Take a close look at your tax return for the previous tax season — it details almost everything you need to evaluate your financial situation. You might need expert assistance to help you map out future choices. Nevertheless, here’s a quick guide for interpreting your tax return:
- Page 1: On the first page of your tax return, you’ll find your basic demographic information. Double-check this to make sure everything is up-to-date and accurate.
- Lines 6a through 6d: This section documents your exemptions, including dependents. Make sure your exemptions make sense and none are missing.
- Line 7: This includes any wages earned from traditional employment, including any W-2s. Those who are retired might find this line blank.
- Lines 8a through 8b: These lines document any interest payments you’ve received and reported through a 1099 interest form, including interest from bank accounts or investments.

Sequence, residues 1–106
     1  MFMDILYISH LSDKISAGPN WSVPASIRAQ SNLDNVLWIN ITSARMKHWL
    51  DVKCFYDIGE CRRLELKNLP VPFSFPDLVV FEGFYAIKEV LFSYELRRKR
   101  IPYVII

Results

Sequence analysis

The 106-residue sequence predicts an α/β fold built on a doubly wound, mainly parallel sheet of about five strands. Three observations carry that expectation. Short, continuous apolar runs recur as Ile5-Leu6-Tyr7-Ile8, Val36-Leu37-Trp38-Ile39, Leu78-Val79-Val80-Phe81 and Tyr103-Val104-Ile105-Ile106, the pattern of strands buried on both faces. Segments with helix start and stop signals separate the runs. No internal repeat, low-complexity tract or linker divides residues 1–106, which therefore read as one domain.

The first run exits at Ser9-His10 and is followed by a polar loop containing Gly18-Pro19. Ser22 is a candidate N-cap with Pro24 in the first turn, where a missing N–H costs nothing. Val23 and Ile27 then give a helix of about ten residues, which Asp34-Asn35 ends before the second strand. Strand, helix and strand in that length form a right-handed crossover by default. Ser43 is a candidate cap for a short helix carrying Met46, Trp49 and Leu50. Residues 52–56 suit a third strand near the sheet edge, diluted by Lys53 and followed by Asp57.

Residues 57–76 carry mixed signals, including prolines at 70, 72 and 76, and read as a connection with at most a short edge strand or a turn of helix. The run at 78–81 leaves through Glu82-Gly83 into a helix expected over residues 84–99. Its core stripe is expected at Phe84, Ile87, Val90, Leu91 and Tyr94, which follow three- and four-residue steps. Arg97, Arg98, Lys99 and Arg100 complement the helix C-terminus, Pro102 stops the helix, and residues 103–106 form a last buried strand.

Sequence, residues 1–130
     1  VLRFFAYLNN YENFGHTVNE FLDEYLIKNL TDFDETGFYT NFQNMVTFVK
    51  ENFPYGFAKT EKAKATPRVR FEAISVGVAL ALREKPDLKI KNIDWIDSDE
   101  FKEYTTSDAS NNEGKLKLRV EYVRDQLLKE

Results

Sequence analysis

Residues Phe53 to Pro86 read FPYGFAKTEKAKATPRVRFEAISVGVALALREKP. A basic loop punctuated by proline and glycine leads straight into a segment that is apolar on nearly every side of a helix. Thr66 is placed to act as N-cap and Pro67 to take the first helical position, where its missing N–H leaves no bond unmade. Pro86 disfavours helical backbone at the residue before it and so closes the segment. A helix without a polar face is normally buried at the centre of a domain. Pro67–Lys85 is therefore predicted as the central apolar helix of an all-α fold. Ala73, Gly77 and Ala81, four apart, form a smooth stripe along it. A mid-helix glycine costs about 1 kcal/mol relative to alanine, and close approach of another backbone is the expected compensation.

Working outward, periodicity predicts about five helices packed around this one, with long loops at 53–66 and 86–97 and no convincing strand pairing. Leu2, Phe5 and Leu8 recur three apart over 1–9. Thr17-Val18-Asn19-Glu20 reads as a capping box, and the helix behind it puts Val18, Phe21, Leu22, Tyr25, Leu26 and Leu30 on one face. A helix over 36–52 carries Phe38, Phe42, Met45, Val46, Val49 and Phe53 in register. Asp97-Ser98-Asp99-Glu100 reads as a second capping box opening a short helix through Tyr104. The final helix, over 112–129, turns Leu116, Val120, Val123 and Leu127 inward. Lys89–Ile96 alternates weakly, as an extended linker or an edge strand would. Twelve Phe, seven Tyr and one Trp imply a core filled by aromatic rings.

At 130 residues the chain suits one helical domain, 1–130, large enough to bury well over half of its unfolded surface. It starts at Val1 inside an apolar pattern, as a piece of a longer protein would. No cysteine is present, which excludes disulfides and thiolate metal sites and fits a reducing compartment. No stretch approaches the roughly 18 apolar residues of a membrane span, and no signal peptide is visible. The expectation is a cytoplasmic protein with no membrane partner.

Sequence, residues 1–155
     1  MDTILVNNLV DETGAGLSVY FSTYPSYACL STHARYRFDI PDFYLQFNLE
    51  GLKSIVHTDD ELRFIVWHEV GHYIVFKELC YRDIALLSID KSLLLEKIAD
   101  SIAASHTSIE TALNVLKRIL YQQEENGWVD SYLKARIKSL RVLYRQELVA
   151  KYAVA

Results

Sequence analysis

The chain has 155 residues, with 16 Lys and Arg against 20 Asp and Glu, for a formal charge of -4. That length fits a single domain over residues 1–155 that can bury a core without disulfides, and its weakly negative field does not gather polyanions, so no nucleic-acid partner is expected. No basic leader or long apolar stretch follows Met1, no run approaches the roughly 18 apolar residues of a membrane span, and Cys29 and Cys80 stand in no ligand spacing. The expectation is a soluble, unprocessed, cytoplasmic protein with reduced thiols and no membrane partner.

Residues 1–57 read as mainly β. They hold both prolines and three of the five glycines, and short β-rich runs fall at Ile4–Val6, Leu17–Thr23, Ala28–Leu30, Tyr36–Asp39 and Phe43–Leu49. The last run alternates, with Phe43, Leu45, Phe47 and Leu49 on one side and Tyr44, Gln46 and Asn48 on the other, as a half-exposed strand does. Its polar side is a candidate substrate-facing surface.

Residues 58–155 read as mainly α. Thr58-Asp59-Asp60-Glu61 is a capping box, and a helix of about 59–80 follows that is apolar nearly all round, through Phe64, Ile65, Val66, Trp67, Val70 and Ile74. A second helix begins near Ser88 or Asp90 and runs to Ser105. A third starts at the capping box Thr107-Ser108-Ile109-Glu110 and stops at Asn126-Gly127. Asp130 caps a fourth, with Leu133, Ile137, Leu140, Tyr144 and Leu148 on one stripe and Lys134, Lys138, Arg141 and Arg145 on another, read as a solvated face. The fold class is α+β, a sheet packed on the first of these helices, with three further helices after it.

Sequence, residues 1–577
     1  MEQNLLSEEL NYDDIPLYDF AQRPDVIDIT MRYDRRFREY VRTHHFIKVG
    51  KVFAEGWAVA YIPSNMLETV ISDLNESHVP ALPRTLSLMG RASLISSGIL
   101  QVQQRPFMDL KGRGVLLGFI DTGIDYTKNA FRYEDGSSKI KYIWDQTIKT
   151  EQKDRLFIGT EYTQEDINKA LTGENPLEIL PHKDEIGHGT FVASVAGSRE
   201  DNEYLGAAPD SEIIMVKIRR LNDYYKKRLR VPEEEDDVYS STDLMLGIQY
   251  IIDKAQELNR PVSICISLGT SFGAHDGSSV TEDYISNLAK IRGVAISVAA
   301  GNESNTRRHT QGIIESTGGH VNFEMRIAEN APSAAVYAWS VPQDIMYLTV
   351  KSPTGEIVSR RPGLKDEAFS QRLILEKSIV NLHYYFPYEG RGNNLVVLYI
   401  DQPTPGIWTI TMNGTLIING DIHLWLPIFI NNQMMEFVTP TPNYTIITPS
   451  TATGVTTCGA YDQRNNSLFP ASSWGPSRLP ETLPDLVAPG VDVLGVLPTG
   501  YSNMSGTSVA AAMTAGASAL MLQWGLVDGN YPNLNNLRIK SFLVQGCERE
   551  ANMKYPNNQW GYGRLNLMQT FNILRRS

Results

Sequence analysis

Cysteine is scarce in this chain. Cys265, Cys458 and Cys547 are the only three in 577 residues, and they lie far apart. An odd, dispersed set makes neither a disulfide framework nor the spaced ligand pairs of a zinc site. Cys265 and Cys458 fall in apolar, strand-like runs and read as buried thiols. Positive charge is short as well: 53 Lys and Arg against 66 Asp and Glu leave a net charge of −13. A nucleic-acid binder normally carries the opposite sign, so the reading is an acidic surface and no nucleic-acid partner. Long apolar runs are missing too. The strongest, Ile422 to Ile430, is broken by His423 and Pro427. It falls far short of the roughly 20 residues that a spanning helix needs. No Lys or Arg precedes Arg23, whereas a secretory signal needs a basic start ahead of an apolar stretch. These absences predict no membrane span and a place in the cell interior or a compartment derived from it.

- Lines 9a through 9b: Here you’ll find any dividends you received from investments, found on a 1099 dividend form.
- Line 10: This includes the state refund from the previous tax year.
- Line 12: This line shows income from a business you own or your earnings if you’re self-employed.
- Line 13: Line 13 shows any capital gains from the previous year. This number can be positive or negative.
- Lines 15a through 15b: You’ll need to take note of this section if you’re retired. It includes income you received through retirement plan distributions, found on a 1099 retirement form.
- Lines 20a through 20b: This is your Social Security income, which can incur taxes.
- Line 22: Your total income is found on line 22.
- Lines 23 through 35: Here you find any income subtractions, including health savings account deductions.
- Line 40: This subtracts a standard deduction or itemized expenses.
- Line 42: This subtracts any exemptions.